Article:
Diabetes Mellitus: laboratory findings and diagnosis in dogs and cats
Diabetes mellitus is a persistent hyperglycemia caused by a deficiency of insulin production or an interference with the action of insulin in target tissues. Although diabetes mellitus has been reported in virtually all animals it is most frequently found in dogs and cats. Estimate of the incidence of diabetes is 0.3%-0.6% for dogs and 0.43%-1.2% for cats. The disease in dogs occurs most frequently in the mature or older female, while male cats appear to be more commonly affected than females. Polyuria, polydipsia, polyphagia and weight loss are the main clinical signs observed in diabetic patients. Sever complications such as ketoacidosis and hyperosmolality might be occurred in some cases resulting in lethargy, reduced water intake and vomiting. Diagnosis of diabetes mellitus should be considered based on related clinical signs, persistent hyperglycemia and glycosuria. Repeating measurements of blood glucose level is necessary for diabetes mellitus diagnosis. However, hyperglycemia along with glycosuria and ketonemia in one sampling could also be diagnostic for the disease. Other laboratory tests including blood fructosamine and glycated hemoglobin and glucose tolerance tests can also be helpful in rule in or rule out of the disease. At the beginning of diabetes mellitus treatment, stablishing a serial glucose curve might be beneficial for finding the best dosage of insulin therapy. Blood and urine glucose, blood fructosamine and glycated hemoglobin are effective indices for evaluating successful insulin therapy.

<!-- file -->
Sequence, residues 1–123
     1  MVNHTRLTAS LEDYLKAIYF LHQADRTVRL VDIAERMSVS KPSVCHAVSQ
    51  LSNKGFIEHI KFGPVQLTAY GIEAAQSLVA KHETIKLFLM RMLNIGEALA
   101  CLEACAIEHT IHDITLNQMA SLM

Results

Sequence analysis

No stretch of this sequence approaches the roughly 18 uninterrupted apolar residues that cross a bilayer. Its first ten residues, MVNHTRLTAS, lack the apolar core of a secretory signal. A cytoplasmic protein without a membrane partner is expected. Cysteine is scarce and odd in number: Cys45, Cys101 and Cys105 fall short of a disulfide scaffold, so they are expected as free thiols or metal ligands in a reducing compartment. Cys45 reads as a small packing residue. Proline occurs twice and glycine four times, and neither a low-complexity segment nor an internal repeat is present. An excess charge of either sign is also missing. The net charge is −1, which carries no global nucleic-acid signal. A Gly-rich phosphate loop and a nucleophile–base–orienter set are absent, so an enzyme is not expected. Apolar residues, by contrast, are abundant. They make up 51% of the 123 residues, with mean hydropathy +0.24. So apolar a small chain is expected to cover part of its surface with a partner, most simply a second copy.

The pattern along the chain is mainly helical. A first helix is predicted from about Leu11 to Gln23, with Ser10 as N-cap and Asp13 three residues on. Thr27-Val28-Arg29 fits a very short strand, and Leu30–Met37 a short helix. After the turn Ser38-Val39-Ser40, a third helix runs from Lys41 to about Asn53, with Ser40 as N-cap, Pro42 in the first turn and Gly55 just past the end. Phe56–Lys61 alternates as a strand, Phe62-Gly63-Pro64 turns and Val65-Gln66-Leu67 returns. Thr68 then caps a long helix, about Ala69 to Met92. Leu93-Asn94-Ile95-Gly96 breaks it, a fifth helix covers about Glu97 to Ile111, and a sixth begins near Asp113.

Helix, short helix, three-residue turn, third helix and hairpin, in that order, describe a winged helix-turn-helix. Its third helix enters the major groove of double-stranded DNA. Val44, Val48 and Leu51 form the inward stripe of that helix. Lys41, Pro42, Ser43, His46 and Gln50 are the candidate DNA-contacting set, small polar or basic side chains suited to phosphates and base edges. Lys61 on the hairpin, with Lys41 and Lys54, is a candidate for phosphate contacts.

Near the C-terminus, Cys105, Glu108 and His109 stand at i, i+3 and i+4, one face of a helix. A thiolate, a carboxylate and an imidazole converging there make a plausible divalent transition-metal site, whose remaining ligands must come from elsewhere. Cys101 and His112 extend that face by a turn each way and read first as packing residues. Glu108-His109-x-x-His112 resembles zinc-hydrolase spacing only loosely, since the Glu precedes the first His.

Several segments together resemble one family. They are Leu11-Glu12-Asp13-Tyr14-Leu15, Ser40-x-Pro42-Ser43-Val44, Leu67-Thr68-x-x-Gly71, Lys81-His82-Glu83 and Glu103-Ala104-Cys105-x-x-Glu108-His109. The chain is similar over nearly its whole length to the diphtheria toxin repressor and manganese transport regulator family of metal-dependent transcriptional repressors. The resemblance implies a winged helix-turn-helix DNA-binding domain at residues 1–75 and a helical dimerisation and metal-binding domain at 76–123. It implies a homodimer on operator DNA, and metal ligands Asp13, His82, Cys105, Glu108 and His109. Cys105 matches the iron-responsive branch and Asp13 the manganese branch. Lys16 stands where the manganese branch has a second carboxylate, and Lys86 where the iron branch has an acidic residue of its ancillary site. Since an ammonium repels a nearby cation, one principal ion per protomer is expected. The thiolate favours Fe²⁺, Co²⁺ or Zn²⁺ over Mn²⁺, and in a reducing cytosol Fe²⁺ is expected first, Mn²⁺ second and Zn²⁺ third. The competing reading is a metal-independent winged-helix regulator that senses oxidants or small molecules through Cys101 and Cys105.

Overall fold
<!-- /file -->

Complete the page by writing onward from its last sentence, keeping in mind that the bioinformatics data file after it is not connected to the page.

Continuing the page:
Article Type:
Research/Original Article
34 - 50
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